Sunday, August 24, 2008

Great Books Programs - Lifelong Learning

From the August 20, 2008 edition of Bookselling This Week:

A funny thing happened when R.J. Julia in Madison, Connecticut, announced its new, ongoing Great Books Seminar Program -- a monthly seminar designed to provide people with the opportunity to study and discuss the great works of literature, philosophy, and history. Very quickly, post-college adults were showing up in droves to register to study the classics

Fittingly, it was a book that inspired Coady to launch the Great Books Seminar Program in March 2008. "A friend of ours, [Yale Professor] Tony Kronman wrote a book called Education's End, Why Our Colleges and Universities Have Given Up on the Meaning of Life [Yale University Press]," said Coady.

The book discusses how the most important question one can ask in life -- What is living for? -- has been removed from university classrooms and calls for its return in humanities studies.

...how incredibly life-affirming it is to see adults participate for the pure pleasure of learning. I think this is a great opportunity for all independents. Being in a bookstore [for a class] is very exciting -- there are a lot of people who want this opportunity.

Education's End: Why Our Colleges and Universities Have Given Up on the Meaning of Life By Anthony T. Kronman Published by Yale University Press, 2007 ISBN 0300122888, 9780300122886 308 pages

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Anyone interested? I am a member of the Center for the Study of the Great Ideas whose founder, Mortimer Adler, was the leading proponent of a Great Books curriculum at the University of Chicago which pre-dated many of today's Great Books colleges such as St. John's College in Annapolis and Santa Fe.

A great books program for adults and the Great Books Foundation were also founded in Chicago and Adler actively promoted the idea of great books discussion groups for adults. The foundation of the Great Books Movement now serves as the basis for numerous home schooling programs and the Great Books Foundation provides teacher and book group leadership training in the shared inquiry method of discussion which is at the core of the program.

The Directed Studies Program at Yale University, discussed in Kronman's book, is another curriculum based upon similar principles, which seeks to promote the value of the Western Canon of Literature in helping students understand what it means to live a good life.

If anyone is interested in attending similar seminars I am sure Max Weisman from the Center would be pleased to help us get started.

2 comments:

etc at Fierce and Nerdy said...

Funnily enough, one of our Fierce and Nerdy bloggers just posted about reading The Great Books as an adult.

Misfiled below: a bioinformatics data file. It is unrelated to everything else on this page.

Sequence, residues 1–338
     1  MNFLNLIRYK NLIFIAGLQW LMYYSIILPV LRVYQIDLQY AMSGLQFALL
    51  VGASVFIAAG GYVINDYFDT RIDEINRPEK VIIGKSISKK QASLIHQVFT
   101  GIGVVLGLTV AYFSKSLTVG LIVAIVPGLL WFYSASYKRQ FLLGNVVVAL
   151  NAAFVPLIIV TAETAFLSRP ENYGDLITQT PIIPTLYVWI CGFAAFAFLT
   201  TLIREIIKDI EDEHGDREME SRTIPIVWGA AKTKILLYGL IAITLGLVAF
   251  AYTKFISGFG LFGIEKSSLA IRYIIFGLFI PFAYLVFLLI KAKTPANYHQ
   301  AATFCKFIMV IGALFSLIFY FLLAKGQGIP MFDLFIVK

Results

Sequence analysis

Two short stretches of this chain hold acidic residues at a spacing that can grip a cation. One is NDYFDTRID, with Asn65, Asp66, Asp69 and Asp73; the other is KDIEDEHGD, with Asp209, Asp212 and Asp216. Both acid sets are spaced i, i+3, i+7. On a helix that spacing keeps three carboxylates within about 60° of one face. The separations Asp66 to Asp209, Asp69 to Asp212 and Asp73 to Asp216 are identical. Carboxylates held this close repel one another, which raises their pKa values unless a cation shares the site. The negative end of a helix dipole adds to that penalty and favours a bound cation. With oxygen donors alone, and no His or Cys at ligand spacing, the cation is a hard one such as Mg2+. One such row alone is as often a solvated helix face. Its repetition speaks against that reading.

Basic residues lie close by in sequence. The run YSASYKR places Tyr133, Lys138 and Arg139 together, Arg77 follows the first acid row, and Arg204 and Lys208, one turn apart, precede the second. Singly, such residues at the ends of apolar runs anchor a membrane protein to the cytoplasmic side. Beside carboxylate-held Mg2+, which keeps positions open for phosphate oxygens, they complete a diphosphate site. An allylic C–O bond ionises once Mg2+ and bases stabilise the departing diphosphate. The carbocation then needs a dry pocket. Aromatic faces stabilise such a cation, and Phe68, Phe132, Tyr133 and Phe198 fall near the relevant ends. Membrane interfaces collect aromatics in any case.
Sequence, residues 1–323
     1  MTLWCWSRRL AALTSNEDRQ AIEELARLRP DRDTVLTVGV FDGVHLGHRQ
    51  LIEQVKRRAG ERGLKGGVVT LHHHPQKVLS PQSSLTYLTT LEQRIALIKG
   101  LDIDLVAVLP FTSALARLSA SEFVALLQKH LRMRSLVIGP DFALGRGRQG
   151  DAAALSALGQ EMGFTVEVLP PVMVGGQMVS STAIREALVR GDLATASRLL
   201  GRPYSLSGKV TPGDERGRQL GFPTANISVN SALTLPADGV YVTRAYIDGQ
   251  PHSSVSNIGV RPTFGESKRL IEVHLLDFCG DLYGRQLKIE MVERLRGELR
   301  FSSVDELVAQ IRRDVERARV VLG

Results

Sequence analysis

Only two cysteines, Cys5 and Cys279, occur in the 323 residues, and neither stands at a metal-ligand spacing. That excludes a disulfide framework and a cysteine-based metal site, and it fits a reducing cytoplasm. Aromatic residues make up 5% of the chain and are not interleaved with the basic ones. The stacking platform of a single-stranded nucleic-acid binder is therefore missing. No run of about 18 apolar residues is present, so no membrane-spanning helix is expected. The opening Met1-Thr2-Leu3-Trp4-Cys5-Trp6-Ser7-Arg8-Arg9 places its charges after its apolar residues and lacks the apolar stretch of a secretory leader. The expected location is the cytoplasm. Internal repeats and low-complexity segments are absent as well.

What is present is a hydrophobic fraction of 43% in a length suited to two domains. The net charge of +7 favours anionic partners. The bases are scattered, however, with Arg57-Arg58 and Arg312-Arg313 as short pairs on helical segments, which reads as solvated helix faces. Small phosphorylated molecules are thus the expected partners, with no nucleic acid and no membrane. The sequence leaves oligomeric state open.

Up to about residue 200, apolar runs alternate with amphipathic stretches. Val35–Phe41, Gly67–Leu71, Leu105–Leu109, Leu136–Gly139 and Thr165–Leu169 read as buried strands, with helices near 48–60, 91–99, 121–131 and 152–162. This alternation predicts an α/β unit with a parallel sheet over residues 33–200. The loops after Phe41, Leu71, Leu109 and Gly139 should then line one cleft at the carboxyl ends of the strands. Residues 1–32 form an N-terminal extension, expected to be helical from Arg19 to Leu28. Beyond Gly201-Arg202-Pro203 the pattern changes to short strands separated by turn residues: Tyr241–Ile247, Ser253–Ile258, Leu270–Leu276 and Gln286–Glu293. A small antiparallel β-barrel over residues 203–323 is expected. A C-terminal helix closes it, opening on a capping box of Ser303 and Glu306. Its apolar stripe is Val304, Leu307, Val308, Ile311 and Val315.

As a black feminist, I poo-pooed "The Great Books" as "dead white male literature" while in college. But I recently decided to get a set of Great Books for our home, as I'm interested in reading about what adults thought of the world back then, now that I'm an adult myself.

I feel that The Great Books shouldn't be forced on the young -- I think that they are probably too young to truly appreciate them, and I don't know that they necessarily teach true critical thinking about life, so much as critical thinking about what to put in the essay.

Also, I hope that as the Western world ages, that it our great books will become more reflective of our culture. Hopefully, my grandchildren will dismiss the great books as "dead people literature" when they are assigned to read them in college. :)

Joni said...

I need to look Fierce and Nerdy up and visit your community.

Many of us have branded the Great Books as "dead white male literature" and dismissed the value and relevance of these works to our current culture. But, in many ways we hold certain beliefs and our culture has evolved from the thoughts expressed by these "dead white men". So while I don't see the necessity of studying all of these works in depth, I do think gaining a general understanding of how our culture and understanding of the world and our position within it has evolved will help us to better understand how we got to where we are today and what lies ahead.

From what I have read about Adler and other proponents of the The Great Books curriculum, there is not any intention of excluding later and more contemporary works from what is viewed as a conversation between the ages, but rather, they see the Great Books as providing a foundation upon which to increase our ability to think about what we deem to be important or relevant.

So I do believe and hope that your grandchildren will have the benefit of understanding what made Socrates a great thinker while also having the opportunity of studying the ideas of Dubois along with the beautiful rhetoric and words of Martin Luther King.

I am not a teacher, but as one that grew up in the era when learning about these dead white men and their thoughts was in general disrepute, I often feel I have missed something in my education. I would think or hope that there is a way of introducing some of these writings to the young in a way that brings the words to life and truly encourages critical thinking. I agree that merely reading and being asked to write an essay on the words is not the way to help the young to appreciate the value in these books. Rather, as Adler suggests, it is during the process of informed, prepared, active and spirited discussion, where the words of these foundational thinkers come to life, can be understood and become relevant to the world we live in today.

Thank you for stopping by Paragraphs - I appreciate your comments.